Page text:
Reflecting the contemporary environment of healthcare, a strong collaboration links the HIIM program and the university’s College of Science and Technology (CST). Certain HIIM courses are offered to CST students who are interested in healthcare applications of information technology. A concentration in health informatics was developed to encourage an alliance with information technology and computer science students. It encompasses three classes (the two HIM courses mentioned above, plus the Legal Aspects of Health Information class) totaling nine semester credit hours. The CST offers minors in computer science, information systems, and information technology that are available to the HIIM students.

In all, five courses are connected to the EHR Project. The first class, Quality Management in Health Services, is offered in the spring semester of the junior year, and most of the quality/performance improvement applications and tools are introduced in this class. The decision matrix exercise (Bloom’s taxonomy level 3) from LaTour et al. (fourth edition, 2013) is presented to help students determine significant criteria and priorities.1 Several criteria are listed in the matrix, but students are also required to provide additional pertinent measures. (Unfortunately, this particular exercise was not included in the fifth edition of this textbook.) This exercise paves the way for the creation of the Product Rating Matrix (Bloom’s taxonomy level 6) in the EHR Project, discussed in more detail below.

Healthcare Informatics, the second class linked to the EHR Project, is offered during the summer semester of the junior year. Entry-level healthcare informatics applications and broadly scoped information technology functions are presented. The EHR is introduced, and assignments stress the difference in usage between physician practice management systems and hospital-based EHR systems. Many of the course assignments expand upon the certified health technology specialist (CHTS) activities developed with Health Information Technology for Economic and Clinical Health (HITECH) Act funding from the Office of the National Coordinator for Health Information Technology (ONC). Both HIIM and CST students are encouraged to choose a specific CHTS role and prepare for the CHTS credential using the additional training available.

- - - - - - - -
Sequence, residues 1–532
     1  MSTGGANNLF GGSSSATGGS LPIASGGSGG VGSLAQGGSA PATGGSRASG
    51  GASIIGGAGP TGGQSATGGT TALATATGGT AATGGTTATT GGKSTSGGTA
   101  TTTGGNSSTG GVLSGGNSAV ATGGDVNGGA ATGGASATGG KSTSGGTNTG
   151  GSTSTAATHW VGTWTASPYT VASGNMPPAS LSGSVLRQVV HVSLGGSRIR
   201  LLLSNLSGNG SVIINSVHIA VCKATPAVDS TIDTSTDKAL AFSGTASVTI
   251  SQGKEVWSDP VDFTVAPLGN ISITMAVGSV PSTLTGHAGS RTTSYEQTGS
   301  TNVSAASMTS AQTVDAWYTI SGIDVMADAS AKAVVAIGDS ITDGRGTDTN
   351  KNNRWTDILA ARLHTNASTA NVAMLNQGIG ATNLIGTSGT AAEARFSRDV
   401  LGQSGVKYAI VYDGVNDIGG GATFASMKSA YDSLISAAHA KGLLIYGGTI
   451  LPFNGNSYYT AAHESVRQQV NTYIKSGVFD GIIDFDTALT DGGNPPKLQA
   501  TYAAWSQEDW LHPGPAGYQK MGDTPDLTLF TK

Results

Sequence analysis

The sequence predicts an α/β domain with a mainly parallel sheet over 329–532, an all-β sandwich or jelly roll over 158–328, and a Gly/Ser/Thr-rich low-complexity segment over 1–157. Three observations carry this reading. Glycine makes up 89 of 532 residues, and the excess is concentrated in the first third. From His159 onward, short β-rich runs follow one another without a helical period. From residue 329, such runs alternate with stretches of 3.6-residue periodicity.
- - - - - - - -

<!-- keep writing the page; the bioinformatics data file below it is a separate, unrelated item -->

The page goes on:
The EHR implementation project itself is completed as a requirement for the third course, Health Information Systems, which is offered in the fall semester of the senior year. This group project expands on hospital EHR applications and functions, implementation-related matters, staffing and training, and vendors. Again, several aspects of the project’s 12 individual deliverables stem from the CHTS coursework activities.

The fourth course linked to the EHR Project, Human Resource Management, is offered concurrently with the Health Information Systems class during the fall semester of the senior year. Covering all the major mechanisms of the management process, it also encompasses human resource issues. One assignment involves mapping an organizational chart for a hospital HIM department from a provided narrative description (Bloom’s taxonomy level 4). This assignment lays the foundation for constructing a new organizational chart after completing the staffing changes resulting from the EHR implementation (Bloom’s taxonomy level 6).

The entire process culminates with the fifth course, Leadership in Information Governance, in the spring semester of the senior year. The students use their choice of EHR system and apply it to the Hybrid EHR Health Information Systems Management Departmental Design Project. This project involves the physical design of an HIM department, including determination of personnel and services (Bloom’s taxonomy level 6). Unlike the EHR Project, this project is done individually by each HIIM student. This project can be considered a coursework capstone experience and is completed just before the student attends a management internship in the summer semester of the senior year.

The EHR Project